20 June 2013

Ups and Downs

Alamosa Sunrise

13 June 2013
Ride the Rockies, Day 5
Alamosa to Salida
84 miles

We always make jokes about Poncha Pass not really being a pass. If you have a tail wind, you don't even feel the 1,600 feet of elevation gain. We had a tail wind. Not a strong one, so we still had to pedal, but we got a little help from the wind today.

At Villa Grove rest stop, where the climbing begins, I noticed two little kids with big fluorescent yellow posters that nearly covered them. The posters said, "my mommy pedals" and "go, mommy!" After a couple of minutes, a female cyclist went running over to them full speed, threw her arms around them and swung them around in a big bear hug.

Seeing the mom with her kids made me think of Taz and Raz when they were younger. They were so supportive of me then. I could visualize them doing that for me.


Both kids took permanent unauthorized field trips before they turned 18, before my first Ride the Rockies. Contact since then has been sparce. Seeing those two kids in Villa Grove made me miss my kids.

Last year I rode through Estes Park, where I think Taz may be living, during Ride the Rockies, and he didn't come out to meet me.

Now it turns out we are being rerouted tomorrow due to forest fires, just like last year, and I will be pedaling through the birthplace of my adopted daughter.


Memories were sidelined when a rider found an iPhone on the highway. She picked it up, brought it in to the rest stop and announced her discovery.

A rider came forward and proved it was his. His friends asked him if he makes so much money he can throw iPhones away. He jokingly told them he buys iPhones by the thousand because he goes through them so fast.

When I'm tired, sometimes things seem funnier than they are when I'm refreshed. That iPhone incident seemed like the funniest thing all year.

In addition to the Royal Gorge fire, there also is another fire burning just southeast of here, near the Crestones, which we rode right by today. Motorists are tying up 911 operators reporting the fire, which is so visible, it doesn't need to be reported. Flashing signs along the road beg passersby to not report the fire.

Every day except for yesterday afternoon I've enjoyed the roadside wildflowers. We covered lots of ground today with nothing but sage and dirt. The approach to Poncha Pass made up for that. I wanted to stop for photos and wildflower gathering. Thick stands of paintbrush, pentstemon and lupine danced in the wind. But I didn't stop. I rode straight through, hoping we'll get some wildflower and wildlife photos in after girls camp next week.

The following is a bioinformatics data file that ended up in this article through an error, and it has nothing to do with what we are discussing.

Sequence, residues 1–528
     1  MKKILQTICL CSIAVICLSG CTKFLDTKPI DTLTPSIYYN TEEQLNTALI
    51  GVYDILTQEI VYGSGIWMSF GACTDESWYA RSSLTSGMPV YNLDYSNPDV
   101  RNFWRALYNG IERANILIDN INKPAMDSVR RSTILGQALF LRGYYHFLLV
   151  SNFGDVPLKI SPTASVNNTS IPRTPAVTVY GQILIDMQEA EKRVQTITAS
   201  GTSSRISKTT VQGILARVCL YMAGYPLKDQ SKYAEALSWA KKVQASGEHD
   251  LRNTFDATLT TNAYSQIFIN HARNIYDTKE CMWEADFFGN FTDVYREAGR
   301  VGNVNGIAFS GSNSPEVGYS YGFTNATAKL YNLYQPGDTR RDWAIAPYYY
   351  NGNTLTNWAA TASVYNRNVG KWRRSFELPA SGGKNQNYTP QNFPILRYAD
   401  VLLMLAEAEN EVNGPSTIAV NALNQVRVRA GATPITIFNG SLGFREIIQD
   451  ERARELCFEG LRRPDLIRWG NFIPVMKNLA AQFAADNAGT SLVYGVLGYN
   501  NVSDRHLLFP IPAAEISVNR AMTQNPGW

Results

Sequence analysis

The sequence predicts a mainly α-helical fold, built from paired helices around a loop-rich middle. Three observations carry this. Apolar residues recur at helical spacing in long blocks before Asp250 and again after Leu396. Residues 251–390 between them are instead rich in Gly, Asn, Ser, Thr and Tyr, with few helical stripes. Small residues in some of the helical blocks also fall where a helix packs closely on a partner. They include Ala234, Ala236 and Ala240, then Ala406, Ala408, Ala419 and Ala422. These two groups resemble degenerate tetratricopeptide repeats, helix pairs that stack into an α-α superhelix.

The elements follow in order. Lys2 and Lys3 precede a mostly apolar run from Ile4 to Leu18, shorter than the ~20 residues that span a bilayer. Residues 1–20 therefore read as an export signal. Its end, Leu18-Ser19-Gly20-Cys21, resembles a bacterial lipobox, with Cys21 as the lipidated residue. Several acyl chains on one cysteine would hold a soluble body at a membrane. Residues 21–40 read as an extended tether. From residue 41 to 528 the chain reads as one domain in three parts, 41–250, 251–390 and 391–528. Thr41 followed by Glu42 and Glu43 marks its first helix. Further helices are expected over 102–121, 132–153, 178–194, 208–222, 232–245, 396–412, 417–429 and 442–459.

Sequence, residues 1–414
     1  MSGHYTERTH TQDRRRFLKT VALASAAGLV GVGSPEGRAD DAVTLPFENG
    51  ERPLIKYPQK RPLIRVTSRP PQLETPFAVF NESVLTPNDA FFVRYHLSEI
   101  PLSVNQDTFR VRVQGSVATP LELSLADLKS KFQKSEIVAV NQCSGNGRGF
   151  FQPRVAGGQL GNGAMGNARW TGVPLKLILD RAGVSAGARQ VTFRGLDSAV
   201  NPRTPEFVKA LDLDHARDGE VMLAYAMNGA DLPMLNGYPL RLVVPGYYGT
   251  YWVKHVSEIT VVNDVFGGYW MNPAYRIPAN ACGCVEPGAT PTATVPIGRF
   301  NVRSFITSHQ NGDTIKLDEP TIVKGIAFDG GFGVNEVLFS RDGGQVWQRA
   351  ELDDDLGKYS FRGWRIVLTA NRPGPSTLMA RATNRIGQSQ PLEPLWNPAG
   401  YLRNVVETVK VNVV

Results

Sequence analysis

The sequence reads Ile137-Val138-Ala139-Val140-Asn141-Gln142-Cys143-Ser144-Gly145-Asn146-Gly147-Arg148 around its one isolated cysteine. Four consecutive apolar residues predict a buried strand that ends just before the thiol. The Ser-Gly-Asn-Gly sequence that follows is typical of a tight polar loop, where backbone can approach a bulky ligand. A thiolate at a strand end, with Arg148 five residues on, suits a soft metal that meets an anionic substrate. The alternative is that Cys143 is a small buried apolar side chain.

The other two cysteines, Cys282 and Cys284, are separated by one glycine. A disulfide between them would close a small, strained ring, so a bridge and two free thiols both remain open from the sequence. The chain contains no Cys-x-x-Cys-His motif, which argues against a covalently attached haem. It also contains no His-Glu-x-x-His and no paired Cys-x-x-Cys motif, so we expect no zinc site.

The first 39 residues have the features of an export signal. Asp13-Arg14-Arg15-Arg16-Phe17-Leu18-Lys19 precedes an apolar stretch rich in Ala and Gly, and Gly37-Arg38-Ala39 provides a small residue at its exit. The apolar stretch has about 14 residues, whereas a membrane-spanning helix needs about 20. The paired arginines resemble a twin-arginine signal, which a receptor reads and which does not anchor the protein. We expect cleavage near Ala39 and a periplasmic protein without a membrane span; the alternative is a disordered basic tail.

Five long, challenging days are taking their toll. I am so tired and physically drained.
Today wasn't necessarily a bad day. It just seemed harder because I'm so exhausted.

I wanted to crochet this afternoon, but I fell asleep writing in my journal.

It's raining now, and we're hiding in our tent. I hope this rain helps the firefighters.

Oh, my gosh! You should see our tent! This is why a health warning has been issued. The tent is covered in soot! We've had an absolute downpour, and the tent should be clean. But it is covered with soot. This is what people are breathing in. No wonder everyone is coughing.

We have the choice of riding tomorrow or shuttling to Canon City if we are worried about the smoke. We don't get to ride Royal Gorge. It has burned. The bridge remains, but the park is gone. Highway 50 is closed.

I am so intimidated by the new 93-mile route, the steep grades, both climbing and descending, and the poor road surface condition, but I want to know if I can do it. Plus, I just did five consecutive days of LONG rides after inadequate training. Tomorrow would make it six, and I'd be able to say I did the longest RtR route ever.

I planned to ride. But I've been coughing my head off ever since crossing Wolf Creek Pass, when we got our first whiff of smoke. I knew the smoke was making me cough, but I had no idea it was this bad until I saw the soot on the tent, other tents and all the cars.

I hate to even consider this, but maybe I should give my saddle and my lungs a break...

I did extra miles yesterday.

Does that count for something???

Poncha Pass

Poncha Pass summit volunteer

raw egg shampoo

Sangre de Cristo fire


We're breathing this!

Don't think I'll be finishing my lemonade tonight.

Alamosa to Salida

Day 5


  1. There sure are a lot of things with the Pass at the end haha and yeah weird how some things are named

  2. lol, It is tiring just to see the shots. Have a great time.

  3. It is odd how hilarious something can seem when you're tired beyond words - i.e., the iPhone incident.

    I didn't realize that you were so near fires right now. That is tough on the lungs... I hope that you can enjoy today, regardless.

    We were contemplating a trip to our favorite campsite, which is about 2000' higher than Poncha Pass (but very near it) soon. I'll have to check on those fires...

    Have fun!

  4. Oh Deb, I'm so glad you decided to SAG. Best choice you could have made - you didn't need that gunk in your lungs!

    Your wildflower list made me drool ... and how fantastic to get a tailwind to push you up that climb. :)


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